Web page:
"Beauty Serving Evil"
What You Need To Know:
THE WIND RISES is beautifully animated, especially when the hero reunites with the girl, and when he dreams about the beauty of airplanes. However, the movie becomes a very strange, and rather uncomfortable, salute to the “beauty” behind a war machine designed to take away people’s liberties rather than defend them. Also, the story meanders a bit. Thus, while one can admire some of the artistry in THE WIND RISES, the movie fails to be worthy of true commendation.
(RoRoRo, AC, So, L, V, N, D, MM) Very strong Romantic worldview about the beauty of aviation and airplane design, and the beauty of romantic love, but the beauty eventually is used to serve the making of a war machine designed to take away people’s liberty, some allusions to the evils of national socialism or fascism, but the hero never has the courage to speak out publicly against it, and the movie never really criticizes him for that failing but chooses to focus on false beauty; three or four “d” words; some violent images such as a powerful earthquake causes massive destruction, massive fires caused by the powerful earthquake, two airplanes crash, images of crashed airplanes; no sex scenes, but a couple marries, and they are shown in their bedroom at night, and their guest tells them they need to get married before he allows them to sleep in his house, so they do; upper male nudity; alcohol use; smoking; and, marriage is treated as somehow sacred, but it still has no godly foundation in the context of the movie, and movie seems to minimize some horrors of World War II national socialism or fascism, though it briefly criticizes it, but somewhat too obliquely.
THE WIND RISES is the Japanese version of what is said to be famed Japanese animator Hayao Miyazaki’s last movie (he says he’s retiring). Disney is releasing a dubbed version of the animated feature on Feb. 21, 2014. The movie is beautifully drawn, but the story meanders a bit. Also, eventually, it turns out to be a story about the engineer, Jiro Hirokoshi, behind the Japanese Zero fighter plane, a weapon of war that Japan’s fascist government in the middle of the 20th Century used to terrorize its victims during World War II. Thus, the movie is a very strange, and rather uncomfortable, salute to the “beauty” behind a war machine designed to take away people’s liberties rather than defend them.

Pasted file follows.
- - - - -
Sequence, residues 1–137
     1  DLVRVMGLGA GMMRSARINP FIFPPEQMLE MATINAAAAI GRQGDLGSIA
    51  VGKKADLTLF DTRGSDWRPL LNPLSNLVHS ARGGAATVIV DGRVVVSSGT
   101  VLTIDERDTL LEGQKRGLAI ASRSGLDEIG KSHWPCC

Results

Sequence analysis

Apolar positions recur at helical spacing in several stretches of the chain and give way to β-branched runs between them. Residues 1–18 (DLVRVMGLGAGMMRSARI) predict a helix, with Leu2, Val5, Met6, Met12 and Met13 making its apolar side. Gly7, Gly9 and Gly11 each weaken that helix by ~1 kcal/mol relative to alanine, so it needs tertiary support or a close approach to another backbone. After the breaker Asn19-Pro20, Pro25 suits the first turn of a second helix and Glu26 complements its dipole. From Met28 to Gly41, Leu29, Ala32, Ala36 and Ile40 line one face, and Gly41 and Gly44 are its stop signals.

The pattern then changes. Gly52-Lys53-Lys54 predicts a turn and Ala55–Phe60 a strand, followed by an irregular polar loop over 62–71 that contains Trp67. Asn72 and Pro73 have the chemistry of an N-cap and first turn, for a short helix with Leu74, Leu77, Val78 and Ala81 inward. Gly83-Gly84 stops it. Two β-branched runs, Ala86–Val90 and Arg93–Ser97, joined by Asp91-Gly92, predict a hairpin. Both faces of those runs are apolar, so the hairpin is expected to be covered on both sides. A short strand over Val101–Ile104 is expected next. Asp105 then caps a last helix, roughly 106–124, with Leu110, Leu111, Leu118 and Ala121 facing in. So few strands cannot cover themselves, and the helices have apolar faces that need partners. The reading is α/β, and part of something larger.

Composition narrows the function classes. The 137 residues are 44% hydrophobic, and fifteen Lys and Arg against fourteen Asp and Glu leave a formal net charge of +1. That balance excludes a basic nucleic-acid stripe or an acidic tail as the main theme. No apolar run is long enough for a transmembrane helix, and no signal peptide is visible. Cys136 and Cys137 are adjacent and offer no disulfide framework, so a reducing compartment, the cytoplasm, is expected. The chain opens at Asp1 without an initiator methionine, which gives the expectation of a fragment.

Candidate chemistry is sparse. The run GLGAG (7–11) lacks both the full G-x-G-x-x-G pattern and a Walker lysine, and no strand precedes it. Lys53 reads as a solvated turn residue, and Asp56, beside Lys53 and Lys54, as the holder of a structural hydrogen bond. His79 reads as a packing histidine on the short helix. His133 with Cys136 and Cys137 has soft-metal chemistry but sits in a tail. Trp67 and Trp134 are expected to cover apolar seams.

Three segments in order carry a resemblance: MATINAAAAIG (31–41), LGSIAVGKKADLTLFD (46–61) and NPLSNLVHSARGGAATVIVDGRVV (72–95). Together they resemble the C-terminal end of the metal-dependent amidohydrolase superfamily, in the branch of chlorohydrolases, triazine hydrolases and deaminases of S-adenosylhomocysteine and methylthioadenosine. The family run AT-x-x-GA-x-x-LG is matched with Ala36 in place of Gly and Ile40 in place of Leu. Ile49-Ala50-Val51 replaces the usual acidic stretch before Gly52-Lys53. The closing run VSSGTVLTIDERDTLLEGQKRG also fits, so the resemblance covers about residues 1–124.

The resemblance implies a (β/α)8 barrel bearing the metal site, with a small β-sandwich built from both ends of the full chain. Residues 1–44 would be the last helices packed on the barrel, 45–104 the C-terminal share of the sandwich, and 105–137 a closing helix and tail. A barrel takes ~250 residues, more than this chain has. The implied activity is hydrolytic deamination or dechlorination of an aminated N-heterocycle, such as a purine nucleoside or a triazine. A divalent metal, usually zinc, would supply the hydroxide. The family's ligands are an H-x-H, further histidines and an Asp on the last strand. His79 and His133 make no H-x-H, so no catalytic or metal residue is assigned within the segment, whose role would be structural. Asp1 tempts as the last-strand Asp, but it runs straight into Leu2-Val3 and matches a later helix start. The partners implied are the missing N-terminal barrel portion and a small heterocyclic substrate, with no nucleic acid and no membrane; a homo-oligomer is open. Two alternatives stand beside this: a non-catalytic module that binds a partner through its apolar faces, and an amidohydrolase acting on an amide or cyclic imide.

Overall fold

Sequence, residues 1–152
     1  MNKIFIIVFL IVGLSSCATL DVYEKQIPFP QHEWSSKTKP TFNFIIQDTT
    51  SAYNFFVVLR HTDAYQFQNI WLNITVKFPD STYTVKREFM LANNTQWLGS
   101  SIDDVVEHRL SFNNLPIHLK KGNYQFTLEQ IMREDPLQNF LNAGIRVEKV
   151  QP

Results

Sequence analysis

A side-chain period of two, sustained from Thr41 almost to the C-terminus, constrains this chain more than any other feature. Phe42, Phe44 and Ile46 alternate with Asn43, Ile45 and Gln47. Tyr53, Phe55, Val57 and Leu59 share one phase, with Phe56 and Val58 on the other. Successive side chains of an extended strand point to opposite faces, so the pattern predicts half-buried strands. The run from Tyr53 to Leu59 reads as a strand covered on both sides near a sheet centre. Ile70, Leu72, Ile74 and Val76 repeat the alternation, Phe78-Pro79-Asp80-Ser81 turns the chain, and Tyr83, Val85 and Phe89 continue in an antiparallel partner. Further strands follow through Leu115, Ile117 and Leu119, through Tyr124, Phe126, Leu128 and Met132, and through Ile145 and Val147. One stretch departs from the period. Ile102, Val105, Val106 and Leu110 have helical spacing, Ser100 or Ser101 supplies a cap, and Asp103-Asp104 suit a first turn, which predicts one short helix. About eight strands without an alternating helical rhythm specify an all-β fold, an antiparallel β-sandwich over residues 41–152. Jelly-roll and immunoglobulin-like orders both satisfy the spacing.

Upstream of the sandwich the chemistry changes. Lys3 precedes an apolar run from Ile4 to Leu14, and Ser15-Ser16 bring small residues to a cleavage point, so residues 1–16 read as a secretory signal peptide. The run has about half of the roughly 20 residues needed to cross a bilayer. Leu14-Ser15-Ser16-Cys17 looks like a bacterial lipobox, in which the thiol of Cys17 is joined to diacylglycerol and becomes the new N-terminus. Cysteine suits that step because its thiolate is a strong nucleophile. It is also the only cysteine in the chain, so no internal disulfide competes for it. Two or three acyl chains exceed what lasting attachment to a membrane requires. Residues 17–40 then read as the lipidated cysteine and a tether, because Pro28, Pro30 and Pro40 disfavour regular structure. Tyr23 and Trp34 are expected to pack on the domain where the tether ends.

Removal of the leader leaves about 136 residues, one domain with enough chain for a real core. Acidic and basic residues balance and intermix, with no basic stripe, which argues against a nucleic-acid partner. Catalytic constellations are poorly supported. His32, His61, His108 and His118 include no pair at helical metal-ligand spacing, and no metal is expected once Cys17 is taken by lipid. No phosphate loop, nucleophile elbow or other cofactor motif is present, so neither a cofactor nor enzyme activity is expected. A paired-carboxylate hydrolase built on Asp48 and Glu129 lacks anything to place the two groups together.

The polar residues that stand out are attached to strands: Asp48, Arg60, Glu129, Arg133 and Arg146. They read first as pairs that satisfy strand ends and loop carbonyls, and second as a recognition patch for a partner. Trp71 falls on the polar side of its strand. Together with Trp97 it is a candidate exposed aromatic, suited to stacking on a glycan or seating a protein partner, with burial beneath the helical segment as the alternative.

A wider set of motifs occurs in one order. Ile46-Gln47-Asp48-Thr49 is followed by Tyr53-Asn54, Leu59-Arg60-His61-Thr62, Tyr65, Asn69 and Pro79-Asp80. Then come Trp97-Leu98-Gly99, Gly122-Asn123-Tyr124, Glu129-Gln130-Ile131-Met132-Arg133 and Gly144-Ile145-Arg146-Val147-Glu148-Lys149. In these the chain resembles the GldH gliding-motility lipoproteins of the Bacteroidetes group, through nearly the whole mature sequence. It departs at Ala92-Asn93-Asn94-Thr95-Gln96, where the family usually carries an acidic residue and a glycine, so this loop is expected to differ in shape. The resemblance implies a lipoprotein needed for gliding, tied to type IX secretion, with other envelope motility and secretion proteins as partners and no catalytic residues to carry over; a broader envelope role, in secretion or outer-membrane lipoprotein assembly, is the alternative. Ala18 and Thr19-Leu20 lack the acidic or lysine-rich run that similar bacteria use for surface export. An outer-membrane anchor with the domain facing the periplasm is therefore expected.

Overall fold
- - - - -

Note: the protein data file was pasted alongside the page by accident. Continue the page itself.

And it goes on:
The movie begins with young Jiro dreaming of flying his very own little plane attached to the roof of his family’s home. The rest of the movie contains other dreams of Jiro’s about the beauty of flying and flying machines.
While Jiro dreams of airplanes, including fanciful encounters with a famous Italian engineer, the movie shows Jiro helping a teenage girl in a massive earthquake and starting work for Mitsubishi in its aircraft division. After a trip to Hitler’s Germany to pick up tips on building steel airplanes, Jiro meets the girl all grown up, and the two fall for one another. The girl inspires Jiro to keep working on his career dreams, but a tragic illness clouds their future, hopes, and dreams.
THE WIND RISES contains echoes of the destruction that World War II wrought, including the oppression of the Japan’s military government during that time. One of the most striking is when Jiro dreams of walking amid the wreckage of a bunch of burned and crashed Zero fighters (the Zero was notorious for not giving the Japanese pilot much protection). However, these are just mere echoes.
Ultimately, therefore, while one can admire some of the artistry in THE WIND RISES, the movie fails to be worthy of true commendation. Also, the story meanders a bit. Thus, the protagonist doesn’t encounter his love interest again until more than halfway through the running time. Consequently, the movie’s premise seems divided between the protagonist’s fascination with the beauty of man-made aircraft and his fascination with the girl of his dreams.
It’s clear that Miyazaki is an extremely talented animator. However, some of his movies contain too many pagan, immoral (and sometimes even occult) elements.
Do you enjoy articles like this?